A 2018 World Cup qualification could be crucial for Qatar 2022

When Qatar was awarded the World Cup initial questions were asked of how so many fans could possibly be fit in a nation of just 1.7 mln people

Graham Ruthven

Published: Updated:

Coverage of Qatar’s preparations for the 2022 World Cup has focused greatly on physical construction. The Gulf nation is building an completely new national infrastructure to host the tournament six years from now, with entire cities rising from the desert to welcome football’s great and good. But Qatar is also preparing from a football prospective, too.

When Qatar was controversially awarded the World Cup, initial questions were asked of how so many fans could possibly be welcomed to nation of just 1.7 million people. How could they be catered for? Would there be enough hotel rooms? And how is it possible to play top level international football in such heat? Then focus turned to their national team - how can Qatar expect to compete against the world’s best?

Indeed, at the time of the awarding it was a legitimate question. Qatar’s national team found themselves ranked outside the world’s top 200 having never made an appearance at a major tournament before. The term ‘minnows’ didn’t quite do them justice. In the international football’s food chain, they weren’t even alive.

Realistic target

Great strides have been made since then. Qatar still haven’t made it to a major tournament, but have impressed at the Asian Cup and have made significant progress in World Cup qualification. Making it to Russia for the 2018 tournament is a realistic target, with José Daniel Carreño’s side now just one round away from qualifying.

Qatar have been drawn against China, Iran, South Korea, Syria and Uzbekistan in Group A, with the top two finishing sides qualifying automatically and the third place team going into a fourth round play-off stage. The grand project has placed genuine progress ahead of the 2022 World Cup as the ultimate objective, but the Gulf nation might pull up a seat at international football’s top table before them.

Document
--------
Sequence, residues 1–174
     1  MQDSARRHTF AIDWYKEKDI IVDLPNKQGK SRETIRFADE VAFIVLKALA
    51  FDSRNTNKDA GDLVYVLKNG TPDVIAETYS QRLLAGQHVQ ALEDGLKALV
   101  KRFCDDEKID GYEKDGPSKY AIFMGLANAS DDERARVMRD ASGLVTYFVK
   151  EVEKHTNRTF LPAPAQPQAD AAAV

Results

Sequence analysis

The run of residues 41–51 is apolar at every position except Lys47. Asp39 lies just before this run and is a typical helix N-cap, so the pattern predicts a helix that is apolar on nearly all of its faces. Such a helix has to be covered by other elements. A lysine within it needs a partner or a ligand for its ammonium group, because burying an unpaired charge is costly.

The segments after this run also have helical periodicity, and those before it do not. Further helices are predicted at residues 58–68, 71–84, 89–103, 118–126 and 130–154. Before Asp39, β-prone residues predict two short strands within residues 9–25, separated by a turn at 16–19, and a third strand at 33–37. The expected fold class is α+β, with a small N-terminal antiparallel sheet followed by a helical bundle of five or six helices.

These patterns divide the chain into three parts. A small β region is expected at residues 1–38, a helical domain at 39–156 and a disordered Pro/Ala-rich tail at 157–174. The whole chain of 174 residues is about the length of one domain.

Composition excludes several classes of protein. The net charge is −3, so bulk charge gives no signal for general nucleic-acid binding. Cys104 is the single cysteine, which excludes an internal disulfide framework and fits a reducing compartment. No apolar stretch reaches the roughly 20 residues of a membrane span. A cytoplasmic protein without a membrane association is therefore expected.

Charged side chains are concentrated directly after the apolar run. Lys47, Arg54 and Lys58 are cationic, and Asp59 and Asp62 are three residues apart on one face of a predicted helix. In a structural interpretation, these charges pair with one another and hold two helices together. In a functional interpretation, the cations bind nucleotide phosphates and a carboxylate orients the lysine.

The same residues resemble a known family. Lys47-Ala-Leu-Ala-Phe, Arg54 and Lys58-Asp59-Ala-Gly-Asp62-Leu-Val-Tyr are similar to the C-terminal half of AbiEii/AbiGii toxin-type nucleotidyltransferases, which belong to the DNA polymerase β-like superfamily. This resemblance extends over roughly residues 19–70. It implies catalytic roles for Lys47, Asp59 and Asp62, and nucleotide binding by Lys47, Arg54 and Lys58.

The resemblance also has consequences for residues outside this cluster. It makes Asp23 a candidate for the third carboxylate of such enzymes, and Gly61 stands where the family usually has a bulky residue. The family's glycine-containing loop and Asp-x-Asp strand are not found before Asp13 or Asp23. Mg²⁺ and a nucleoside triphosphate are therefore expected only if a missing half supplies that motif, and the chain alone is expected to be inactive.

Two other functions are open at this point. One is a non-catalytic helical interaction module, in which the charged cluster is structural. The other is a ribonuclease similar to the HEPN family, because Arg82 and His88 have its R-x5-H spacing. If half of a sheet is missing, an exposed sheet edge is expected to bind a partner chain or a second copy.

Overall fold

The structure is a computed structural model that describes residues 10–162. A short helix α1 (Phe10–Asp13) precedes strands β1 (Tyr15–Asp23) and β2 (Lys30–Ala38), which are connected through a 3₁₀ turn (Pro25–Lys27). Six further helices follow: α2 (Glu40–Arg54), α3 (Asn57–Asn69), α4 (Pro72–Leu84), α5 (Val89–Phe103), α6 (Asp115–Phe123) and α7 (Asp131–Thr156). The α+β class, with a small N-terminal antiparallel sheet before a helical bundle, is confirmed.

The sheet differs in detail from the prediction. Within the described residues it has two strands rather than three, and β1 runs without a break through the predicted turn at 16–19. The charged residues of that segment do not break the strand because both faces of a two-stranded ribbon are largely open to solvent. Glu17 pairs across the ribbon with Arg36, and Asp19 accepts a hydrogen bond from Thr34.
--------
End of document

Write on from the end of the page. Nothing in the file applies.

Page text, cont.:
“It is important that we are there [Russia],” Hassan Al-Thawadi, head of the Supreme Committee for Delivery and Legacy said after the draw for the third round of qualification. “The fact of having 2022 is an extra motivation for the players.”

Al-Thawadi is right to underline the importance of making it to the 2018 World Cup. As a country that has spent the past six years readying themselves for a competition that is still six years away the value of preparation is well recognised and Russia would give them the ideal grounding for 2022.

By making it to the World Cup in Russia, Qatar could validate themselves as a top-tier international football side before they host the tournament themselves, avoiding four years of snide mocking that would inevitably follow if they fail. The Gulf nation can ease the pressure on themselves significantly.

What’s more, Qatar seemingly stand a good chance of qualifying from their group. Carreno’s team won their first seven matches out of eight in the last round of fixtures, only dropping points to China in their final outing. There was also a record 15-0 win over Bhutan, demonstrating the level at which Qatar are performing right now. They have become one of the most accomplished sides in the Asian game, even if they have flown under the radar for the most part.

Of course, Qatar has hardly escaped the focus of the world’s media, with scandals over the conditions of workers seemingly emerging on a weekly basis.

But their national team’s development over the past few years has gone largely unnoticed. They might still be at a lowly 83rd in the FIFA rankings, but their ascendency has been a rapid one. By the time 2022 comes around, it’s anyone’s guess how high they will have risen. The 2018 World Cup could prove a vital plotting point on that route.